Garmisch

The Zusptize or a sister

The Zugspitze or a sister mountain

Garmisch-Partenkirchen sits at the base of Germany’s highest mountain, the Zugspitze.  It feels as if you’re being held in a wide bottomed bowl as you look up at the massive peaks above your head.  My brother was born here some 63 (or so) years ago.  Garmisch for me, has the air of a folk tale.  My mother talked of skating here, having coffee on Marienplatz, of giving birth to my 13 pound brother.  I have some photographs of them shortly after he was born – he looks like a one year old.

 

My brother and me in N.Y.

My brother and me in N.Y.

Some of the facts of our lives have always felt shrouded in mist, much as the peak of the Zugspitze. I know it’s there but I can’t quite see it.  It is a mystery conjured by my mother who more often than not felt that children should be seen (nicely dressed) and not heard and that one should eat everything not know everything.  Though as I got a little older she would tell me stories about herself when she was younger.  They were tinged with not nostalgia so much as a sense that there was a life lived before and one after.  Somewhere inside me there was always a hope that my mother would decide to move back to Europe – I of course would go with her and fulfill my destiny to be exotic and live “abroad”.

 

My mom in Berlin, post war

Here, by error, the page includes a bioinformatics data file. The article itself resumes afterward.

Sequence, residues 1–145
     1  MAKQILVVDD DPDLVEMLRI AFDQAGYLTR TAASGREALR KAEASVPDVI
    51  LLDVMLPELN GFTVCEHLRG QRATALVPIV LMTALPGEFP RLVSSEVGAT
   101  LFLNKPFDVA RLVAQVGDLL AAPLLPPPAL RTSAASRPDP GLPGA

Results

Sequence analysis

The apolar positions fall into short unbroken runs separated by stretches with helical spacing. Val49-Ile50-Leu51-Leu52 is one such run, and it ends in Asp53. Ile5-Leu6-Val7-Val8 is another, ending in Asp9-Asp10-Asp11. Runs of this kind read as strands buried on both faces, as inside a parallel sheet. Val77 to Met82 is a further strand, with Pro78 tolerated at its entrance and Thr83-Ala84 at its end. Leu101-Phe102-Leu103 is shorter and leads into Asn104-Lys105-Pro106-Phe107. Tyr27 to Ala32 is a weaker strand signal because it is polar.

My mom in Berlin, post war

I have no doubt that that idea was mine and mine alone.  My mother took great pride in her Americaness.  When someone would ask her, because of her accent – a life long difficulty with th’s, w’s and f’s what nationality she was, she’d fix them with a very blue eye and say, “American”.  She was proud too, of the fact that I was born in the states, though I lied for many years and said Paris was my birthplace.  We spoke English at home until I took French and German in school and only then did we institute one day a week foreign language use.  I could bring her to tears speaking French with a pretended southern accent.

There is another reason I wanted to go to Garmisch.  I’ve had trouble sleeping most of my adult life.  Some years ago on one of those frustrating and painful nights, in a fit of restless insomnia I whined to Robert to tell me a story.  Early on we had discovered that his voice could lull me to sleep but if he read he’d needed a light which would add to my insomnia.  Thus only a story, told in the dark in a soothing voice would do.  He began weaving together a series of stories about a little girl in Garmisch-Partenkirchen, her family, a very special dog and world events that became a creative cycle that took on a life of its own.

Putting my feet on the cobblestones of Garmisch, looking at views and landscapes, store fronts and pubs that had been woven into the stories is like my dream of Disneyland.   We’ve continued to tell the stories back and forth, suggesting details, correcting misconceptions that one of the other of us has formed.  It’s an ongoing creative project that darts and weaves throughout our lives.  That it has some relationship to my own life in actuality makes it all the sweeter.

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